✔️ask good questions
✔️maintain eye contact, and
✔️don't overshare or monopolize the conversation.
And to develop even more confidence, the type of confidence that comes from within, where you don't need to rely on the above social crutches forever, there are other things you can do. This post is about those things...a more permanent fix. To put social anxiety behind you, read on to learn what you can do regularly that will help you to be more confident around new people.
1. Get out of the house.
Shy and socially awkward people tend to hide away from the world, but this is self-sabotaging behavior. It does more damage than you can imagine. You need to have a life so you will have things to talk about. Get out of the house and get involved in your community—take classes, join local sports teams, and volunteer. This will give you stories to tell, and not surprisingly, it will increase your confidence too.
Meditation has a noise-canceling effect on our inner critic. In fact, it arguably works so well, that meditation can turn your inner critic into an ally over time. Meditating for as little as 2-5 minutes a day, or every time you feel overwhelmed, can yield significant changes in your mood and thought patterns. To get started just sit or lie comfortably, close your eyes, and breathe naturally. Clear your mind and if you begin to wander off in your thoughts, especially undesirable ones, simply refocus on your breath. As with all habits, it's a consistent practice that's going to transform you. Regular meditation will help you stay out of your head, and allow you to be more present in social situations.
3. Think well of others.
If you think poorly of others in general, you'll expect them to generally behave poorly. But if you think well of others, you'll expect others to act well. 100% of people won't act the way you hope and expect, but you won't be carrying around a bad impression and projecting it socially. Most people are on their best behavior socially anyway, because they don't expect to be judged. Thinking well of others will make you a more cordial person, will make you less defensive, and remove that chip from your shoulder.
4. Believe in yourself.
Contrary to popular belief, confidence isn't about being cool or captivating a crowd. It's simply about being OK with what you do and who you are, no matter what that means. Take a closer look at your beliefs. Could you have picked up some that mean little to nothing to you? Resources such as therapy, daily affirmations, and reading books such as Conquer Your Critical Inner Voice can help you begin to see yourself positively.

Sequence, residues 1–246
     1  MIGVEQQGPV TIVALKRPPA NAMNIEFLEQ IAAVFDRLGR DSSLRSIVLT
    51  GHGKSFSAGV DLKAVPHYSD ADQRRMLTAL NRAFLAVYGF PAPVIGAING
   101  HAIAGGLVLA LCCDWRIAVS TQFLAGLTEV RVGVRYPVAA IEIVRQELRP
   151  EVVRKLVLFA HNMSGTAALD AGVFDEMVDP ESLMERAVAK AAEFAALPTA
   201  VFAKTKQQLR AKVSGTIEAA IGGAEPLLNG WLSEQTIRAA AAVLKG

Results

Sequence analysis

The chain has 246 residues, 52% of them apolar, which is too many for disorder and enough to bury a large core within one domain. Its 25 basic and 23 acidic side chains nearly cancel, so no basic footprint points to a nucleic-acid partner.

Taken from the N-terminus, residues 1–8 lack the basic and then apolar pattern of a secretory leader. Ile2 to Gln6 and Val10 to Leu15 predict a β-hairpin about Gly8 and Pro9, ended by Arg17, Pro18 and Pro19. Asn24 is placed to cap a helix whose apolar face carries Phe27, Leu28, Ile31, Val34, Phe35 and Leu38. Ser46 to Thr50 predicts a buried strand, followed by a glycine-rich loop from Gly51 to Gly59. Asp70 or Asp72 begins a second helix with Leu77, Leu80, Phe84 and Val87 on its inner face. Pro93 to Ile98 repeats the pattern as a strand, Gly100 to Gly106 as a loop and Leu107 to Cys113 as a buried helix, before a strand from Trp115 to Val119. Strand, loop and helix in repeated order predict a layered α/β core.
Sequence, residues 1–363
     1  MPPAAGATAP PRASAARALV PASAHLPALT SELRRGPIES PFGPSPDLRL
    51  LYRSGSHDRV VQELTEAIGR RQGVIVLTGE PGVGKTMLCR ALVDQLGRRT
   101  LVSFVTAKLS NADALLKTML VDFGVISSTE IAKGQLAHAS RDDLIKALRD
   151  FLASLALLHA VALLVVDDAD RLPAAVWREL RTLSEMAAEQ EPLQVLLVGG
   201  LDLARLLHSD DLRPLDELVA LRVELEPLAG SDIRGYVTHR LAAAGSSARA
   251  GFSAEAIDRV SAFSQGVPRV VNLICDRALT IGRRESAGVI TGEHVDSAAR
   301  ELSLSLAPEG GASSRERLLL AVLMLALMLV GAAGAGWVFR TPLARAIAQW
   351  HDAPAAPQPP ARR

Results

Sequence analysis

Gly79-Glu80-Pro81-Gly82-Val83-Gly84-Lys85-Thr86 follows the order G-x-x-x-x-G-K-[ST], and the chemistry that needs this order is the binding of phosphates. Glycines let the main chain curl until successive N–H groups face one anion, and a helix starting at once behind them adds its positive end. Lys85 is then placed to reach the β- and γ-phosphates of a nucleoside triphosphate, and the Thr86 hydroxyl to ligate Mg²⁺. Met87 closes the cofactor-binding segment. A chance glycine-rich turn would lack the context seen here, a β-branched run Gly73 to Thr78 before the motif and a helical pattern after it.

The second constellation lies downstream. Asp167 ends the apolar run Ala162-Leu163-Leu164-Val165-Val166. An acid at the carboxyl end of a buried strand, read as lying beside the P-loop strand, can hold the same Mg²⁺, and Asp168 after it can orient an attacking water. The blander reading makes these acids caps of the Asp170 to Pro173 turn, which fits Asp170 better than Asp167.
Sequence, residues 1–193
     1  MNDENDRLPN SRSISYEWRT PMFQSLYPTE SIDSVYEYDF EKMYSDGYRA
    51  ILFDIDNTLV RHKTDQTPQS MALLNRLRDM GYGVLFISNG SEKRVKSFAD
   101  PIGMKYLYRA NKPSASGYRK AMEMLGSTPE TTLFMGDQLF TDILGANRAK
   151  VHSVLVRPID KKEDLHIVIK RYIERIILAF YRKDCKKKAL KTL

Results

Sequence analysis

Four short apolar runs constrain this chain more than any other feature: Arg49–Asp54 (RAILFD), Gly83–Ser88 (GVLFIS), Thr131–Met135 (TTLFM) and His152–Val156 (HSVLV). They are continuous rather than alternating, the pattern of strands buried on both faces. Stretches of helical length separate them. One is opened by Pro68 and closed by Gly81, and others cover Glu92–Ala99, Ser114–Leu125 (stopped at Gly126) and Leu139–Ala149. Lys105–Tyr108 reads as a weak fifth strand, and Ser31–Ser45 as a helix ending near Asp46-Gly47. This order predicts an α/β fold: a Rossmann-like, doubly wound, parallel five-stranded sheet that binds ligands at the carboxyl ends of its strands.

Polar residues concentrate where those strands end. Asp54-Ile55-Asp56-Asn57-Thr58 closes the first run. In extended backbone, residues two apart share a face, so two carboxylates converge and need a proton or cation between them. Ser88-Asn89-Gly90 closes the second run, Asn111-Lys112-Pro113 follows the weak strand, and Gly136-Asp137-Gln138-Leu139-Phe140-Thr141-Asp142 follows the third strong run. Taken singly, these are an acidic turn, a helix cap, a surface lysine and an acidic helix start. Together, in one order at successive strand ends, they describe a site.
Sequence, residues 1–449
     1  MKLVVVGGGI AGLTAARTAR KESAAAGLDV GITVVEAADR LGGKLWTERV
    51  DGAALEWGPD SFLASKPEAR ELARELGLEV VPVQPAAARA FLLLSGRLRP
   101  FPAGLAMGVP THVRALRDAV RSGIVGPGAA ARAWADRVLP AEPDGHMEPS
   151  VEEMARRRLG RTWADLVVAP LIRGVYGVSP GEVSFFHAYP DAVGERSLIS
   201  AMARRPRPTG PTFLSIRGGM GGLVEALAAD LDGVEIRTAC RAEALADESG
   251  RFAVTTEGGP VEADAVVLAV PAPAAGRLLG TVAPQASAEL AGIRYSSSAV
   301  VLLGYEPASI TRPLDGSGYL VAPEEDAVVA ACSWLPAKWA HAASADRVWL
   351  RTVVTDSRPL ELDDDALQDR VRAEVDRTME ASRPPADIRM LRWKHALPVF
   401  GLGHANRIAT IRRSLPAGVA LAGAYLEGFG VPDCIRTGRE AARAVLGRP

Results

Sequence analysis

Get over the fear of looking silly because that's often what endears you to others. Prepare before meetings and group situations so you can ask better questions. From reading up on a topic before a meeting to checking out someone's social media page, preparing can help you feel more confident in these situations.
According to research, reading makes people more interesting and empathetic. There are many people, myself included, who find intelligent people more interesting. The same research also shows that reading can make you more confident. As Susan Cain writes in Psychology Today, “Books are one of the few media to portray introverts as intellectually and emotionally aflame, as opposed to aloof, flawed, or dull.
6. Don't take yourself too seriously.
Shy people usually hate when the attention is on them. So, ironically, when they make a blunder, they'll draw attention to their embarrassment (and themselves), which makes others uncomfortable. Remember, everyone makes gaffes and some embarrassing moments can even be used to your advantage socially—if you don't take yourself too seriously. From now on, think of most gaffes (or things that play in your head as embarrassing), as opportunities. Take a curious or humorous approach instead of trying to be the person with all the answers. If you botch the pronunciation of Balmain, don't carry on as if no one noticed or get embarrassed. Use it to your advantage and admit your mistake. Simply laugh it off and ask, “How do you pronounce Balmain?” Or ask, “Did I pronounce that right?” If you say right when you meant left, lighten the mood by saying, "I meant my other right."
7. Dress your best.
Studies show that people like people who dress like them. Other studies show the clothes you wear affect how you perform. So if you think about it: dressing well is a no-brainer! Once you look the part, there will be one less thing on your mind to feel self-conscious about.